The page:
Franchisors may require that a deposit be paid, and a deposit will not trigger the disclosure obligations if it is fully refundable, does not exceed 20% of the initial franchise fee, and is given under an agreement that does not oblige the prospective franchisee to enter into a franchise agreement.
Right of rescission
A franchisee may rescind a franchise agreement without penalty or obligation within 60 days after receiving a disclosure document if:
the franchisor failed to provide the disclosure document or a statement of material change within the required time, or
the disclosure document’s contents did not meet the Act’s requirements.
If a franchisor simply never provides a disclosure document, a franchisee has two years to rescind the agreement without penalty or obligation (which could present a significant cost to a franchisor).
Damages and defences
If a franchisee suffers a loss because of a misrepresentation in a disclosure document or statement of material change, or because of a franchisor’s failure to comply with the Act’s disclosure requirements, the franchisee has a right of action for damages against the franchisor, the franchisor’s broker, the franchisor’s associate, and every person who signed the disclosure document or statement of material change.
Unlike in Ontario, the BC Act states that if a disclosure document or statement of material change contains an error the document will still comply with the disclosure requirement if:
the defect or error does not affect the substance of the disclosure document, and
the document is substantially in compliance with the Act.
If a disclosure document or statement of material change contains a misrepresentation, a franchisee is conclusively deemed to have relied on the misrepresentation. This is subject to an exception where the franchisor can prove that the franchisee had actual knowledge of the misrepresentation or material change before signing the franchise agreement. The Act also contains other exceptions and defences to liability regarding misrepresentation in a disclosure document.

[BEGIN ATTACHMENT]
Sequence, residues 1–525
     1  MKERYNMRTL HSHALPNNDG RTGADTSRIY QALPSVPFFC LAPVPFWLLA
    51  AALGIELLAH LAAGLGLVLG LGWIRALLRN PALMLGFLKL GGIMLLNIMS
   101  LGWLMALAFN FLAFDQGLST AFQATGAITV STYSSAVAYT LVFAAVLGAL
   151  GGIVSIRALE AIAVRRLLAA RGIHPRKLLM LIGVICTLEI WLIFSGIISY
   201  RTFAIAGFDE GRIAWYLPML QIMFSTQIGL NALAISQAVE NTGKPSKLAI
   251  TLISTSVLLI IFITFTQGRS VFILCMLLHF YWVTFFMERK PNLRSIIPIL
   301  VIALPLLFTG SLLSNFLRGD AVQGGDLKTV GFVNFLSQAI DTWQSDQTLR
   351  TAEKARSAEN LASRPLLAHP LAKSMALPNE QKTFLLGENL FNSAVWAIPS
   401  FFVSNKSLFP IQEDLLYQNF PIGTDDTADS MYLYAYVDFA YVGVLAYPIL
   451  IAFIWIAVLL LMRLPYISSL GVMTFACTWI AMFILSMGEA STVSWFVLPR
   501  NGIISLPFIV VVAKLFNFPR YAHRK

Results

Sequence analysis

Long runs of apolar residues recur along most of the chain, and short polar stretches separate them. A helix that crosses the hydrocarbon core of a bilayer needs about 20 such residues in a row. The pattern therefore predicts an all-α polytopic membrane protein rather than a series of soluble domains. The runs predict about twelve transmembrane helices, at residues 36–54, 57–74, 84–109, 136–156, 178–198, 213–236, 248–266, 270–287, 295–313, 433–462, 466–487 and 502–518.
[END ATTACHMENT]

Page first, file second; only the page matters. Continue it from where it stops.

Attempts to affect jurisdiction are void
A franchise agreement cannot restrict the application of British Columbia law with respect to claims arising under a franchise agreement to which the Act applies. Any such provisions in a franchise agreement are void.
Waiver of rights
Any provision in a franchise agreement that waives or releases any of the franchisee’s rights or any of the franchisor’s obligations under the Act is void. However, the Act permits a waiver or release made in accordance with a settlement of an action, claim or dispute.
The franchisor and the directors or officers who signed the Franchisor’s Certificate are subject to joint and several liability.
Ensure compliance with BC’s franchise rules
While the BC legislation is substantially similar to the franchise legislation in the other provinces, there are still important differences between each jurisdiction’s laws. If you are familiar with franchise legislation in another province, you should familiarize yourself with the details of the British Columbia legislation before assuming that any of the rules and requirements are the same.
While this bulletin has generally canvassed BC’s new franchise regime, there are many rules that have not been discussed. Please contact DLA Piper (Canada) LLP’s franchise lawyers for more information.